It has been set up in Shimla. Since 1988 a District & Session Judge is appointed (on deputation) as the Presiding Officer. It is instrumental in deciding cases referred to it under the Industrial Disputes Act, 1947. The Labour Court moves to other areas of the State so that the workers do not have to come to Shimla for redressal.

Employment Market Information Programme

Under this Programme information is regularly being collected from the Govt. and Pvt. Sector Establishments (only such Pvt. Sector Establishment which are employing 10 or more persons not engaged in agriculture).


The State Environment Protection & Pollution Control Board in Himachal Pradesh constituted under the provision of Water (Prevention & Control of Pollution) Act, 1974 has always endeavored to strike a rational balance between economic growth and environmental preservation. In the pursuit of attaining the objectives enshrined in Water (Prevention and Control of Pollution) Act, 1974, Air (Prevention & Control of Pollution ) Act, 1981 and the Environment (Protection) Act, 1986, the State Board has followed the principles of sustainable development. In addition to the above the State Board is also performing the functions prescribed under Water (Prevention & Control of Pollution) Cess Act, 1977 and Hazardous Wastes (Management & Handling) Rules 1989 under Environment (Protection) Act, 1986, Manufacture, Storage and Import of Hazardous Chemical Rules, 1989 and Bio-Medical Waste (Management and Handling) Rules, 1998.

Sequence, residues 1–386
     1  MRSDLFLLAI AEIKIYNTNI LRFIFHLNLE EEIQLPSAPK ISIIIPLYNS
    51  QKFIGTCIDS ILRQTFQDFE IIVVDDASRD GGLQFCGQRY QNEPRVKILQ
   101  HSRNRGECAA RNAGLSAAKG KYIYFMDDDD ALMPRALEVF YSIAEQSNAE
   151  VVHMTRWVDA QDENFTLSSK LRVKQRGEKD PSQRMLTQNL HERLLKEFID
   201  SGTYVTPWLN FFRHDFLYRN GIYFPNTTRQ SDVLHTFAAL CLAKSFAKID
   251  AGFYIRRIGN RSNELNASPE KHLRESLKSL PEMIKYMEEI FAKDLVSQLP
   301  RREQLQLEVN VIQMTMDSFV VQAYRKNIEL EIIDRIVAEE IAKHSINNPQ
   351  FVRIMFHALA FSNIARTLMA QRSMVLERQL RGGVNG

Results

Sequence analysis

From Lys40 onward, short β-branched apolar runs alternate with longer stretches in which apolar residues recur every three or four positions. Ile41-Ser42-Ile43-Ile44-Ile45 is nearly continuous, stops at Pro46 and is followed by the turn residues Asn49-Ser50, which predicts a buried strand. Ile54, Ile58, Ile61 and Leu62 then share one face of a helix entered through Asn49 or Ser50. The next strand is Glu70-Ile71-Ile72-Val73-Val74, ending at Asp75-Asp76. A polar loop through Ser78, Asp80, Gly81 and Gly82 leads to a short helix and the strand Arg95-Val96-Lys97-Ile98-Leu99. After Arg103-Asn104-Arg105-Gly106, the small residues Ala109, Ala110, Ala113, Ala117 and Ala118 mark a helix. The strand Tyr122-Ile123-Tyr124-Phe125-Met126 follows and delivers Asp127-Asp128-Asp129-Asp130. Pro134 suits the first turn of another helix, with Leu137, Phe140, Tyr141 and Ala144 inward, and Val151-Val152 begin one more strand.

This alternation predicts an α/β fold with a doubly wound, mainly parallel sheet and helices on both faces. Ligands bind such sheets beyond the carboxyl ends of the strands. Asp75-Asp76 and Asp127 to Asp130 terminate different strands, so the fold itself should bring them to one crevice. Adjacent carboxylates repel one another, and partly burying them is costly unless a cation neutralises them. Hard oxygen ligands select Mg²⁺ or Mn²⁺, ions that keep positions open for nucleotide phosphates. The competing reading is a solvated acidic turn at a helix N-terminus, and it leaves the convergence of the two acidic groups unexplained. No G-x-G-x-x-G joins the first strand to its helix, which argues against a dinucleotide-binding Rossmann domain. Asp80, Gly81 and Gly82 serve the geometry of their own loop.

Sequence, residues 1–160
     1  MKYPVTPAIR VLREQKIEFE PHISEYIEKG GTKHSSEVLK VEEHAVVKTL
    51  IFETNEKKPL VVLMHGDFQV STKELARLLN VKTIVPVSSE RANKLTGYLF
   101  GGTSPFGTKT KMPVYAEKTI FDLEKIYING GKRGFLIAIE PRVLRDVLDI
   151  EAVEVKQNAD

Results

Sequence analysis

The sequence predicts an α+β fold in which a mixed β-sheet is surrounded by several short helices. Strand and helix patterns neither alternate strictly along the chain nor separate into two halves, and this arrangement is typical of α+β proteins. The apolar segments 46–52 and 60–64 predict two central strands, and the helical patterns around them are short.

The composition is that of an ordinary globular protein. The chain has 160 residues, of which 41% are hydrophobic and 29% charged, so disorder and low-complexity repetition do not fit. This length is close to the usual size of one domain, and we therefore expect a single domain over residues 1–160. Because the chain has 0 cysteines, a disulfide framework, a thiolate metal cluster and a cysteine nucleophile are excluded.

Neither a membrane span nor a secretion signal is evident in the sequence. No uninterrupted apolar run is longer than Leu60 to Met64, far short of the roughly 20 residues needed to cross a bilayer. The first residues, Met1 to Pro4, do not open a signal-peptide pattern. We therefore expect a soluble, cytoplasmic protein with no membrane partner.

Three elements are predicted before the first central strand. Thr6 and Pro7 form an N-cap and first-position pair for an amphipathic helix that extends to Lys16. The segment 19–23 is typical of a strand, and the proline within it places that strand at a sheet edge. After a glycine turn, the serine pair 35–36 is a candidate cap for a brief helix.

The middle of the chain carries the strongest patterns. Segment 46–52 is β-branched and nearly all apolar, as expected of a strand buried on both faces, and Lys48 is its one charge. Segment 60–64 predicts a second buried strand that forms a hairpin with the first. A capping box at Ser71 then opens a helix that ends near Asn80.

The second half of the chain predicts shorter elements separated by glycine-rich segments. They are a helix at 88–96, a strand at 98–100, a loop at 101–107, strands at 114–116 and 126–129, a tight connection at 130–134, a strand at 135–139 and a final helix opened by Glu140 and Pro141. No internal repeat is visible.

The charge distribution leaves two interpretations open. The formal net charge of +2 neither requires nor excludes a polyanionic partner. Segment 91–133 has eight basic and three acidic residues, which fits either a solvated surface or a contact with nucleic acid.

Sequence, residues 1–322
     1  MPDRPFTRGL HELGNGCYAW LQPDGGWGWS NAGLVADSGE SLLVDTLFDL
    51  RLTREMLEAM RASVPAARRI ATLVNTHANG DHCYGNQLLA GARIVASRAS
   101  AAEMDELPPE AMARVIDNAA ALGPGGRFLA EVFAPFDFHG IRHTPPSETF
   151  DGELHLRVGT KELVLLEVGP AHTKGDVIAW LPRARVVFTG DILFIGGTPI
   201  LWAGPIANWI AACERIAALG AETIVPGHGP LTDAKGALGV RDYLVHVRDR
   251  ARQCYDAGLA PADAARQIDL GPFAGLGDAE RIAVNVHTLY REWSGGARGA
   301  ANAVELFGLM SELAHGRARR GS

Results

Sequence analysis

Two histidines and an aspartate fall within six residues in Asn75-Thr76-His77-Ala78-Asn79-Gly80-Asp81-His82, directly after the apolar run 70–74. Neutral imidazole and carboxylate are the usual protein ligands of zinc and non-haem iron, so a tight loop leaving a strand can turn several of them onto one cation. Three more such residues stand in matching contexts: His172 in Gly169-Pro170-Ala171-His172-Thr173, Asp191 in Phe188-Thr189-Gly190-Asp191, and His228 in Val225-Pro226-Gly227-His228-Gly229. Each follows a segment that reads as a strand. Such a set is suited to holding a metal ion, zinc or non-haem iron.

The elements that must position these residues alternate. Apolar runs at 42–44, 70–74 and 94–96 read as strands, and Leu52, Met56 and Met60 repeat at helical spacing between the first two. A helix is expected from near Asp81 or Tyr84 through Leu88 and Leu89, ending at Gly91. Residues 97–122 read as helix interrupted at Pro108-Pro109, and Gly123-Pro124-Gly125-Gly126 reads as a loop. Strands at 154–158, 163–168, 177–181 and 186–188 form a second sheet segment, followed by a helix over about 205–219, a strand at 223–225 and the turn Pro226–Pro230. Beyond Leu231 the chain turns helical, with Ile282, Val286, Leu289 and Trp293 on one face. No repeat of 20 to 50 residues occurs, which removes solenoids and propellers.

The duties of the H . P. State Environment Protection & Pollution Control Board

  • Advise the State Government on matters concerning the prevention, control of water and air pollution and improvement of the quality of air and water.
  • Provide technical assistance and guidance in problems related to water and air pollution and control thereof.
  • Plan and cause to be executed state wide programs for prevention, control and abatement of water and air pollution.
  • Dissemination of data on environment quality in the State regarding lakes, rivers and ambient air.
  • Lay down standards for point as well as non-point sources of pollution. Evolving suitable>
  • Delimitation of Pollution Control areas.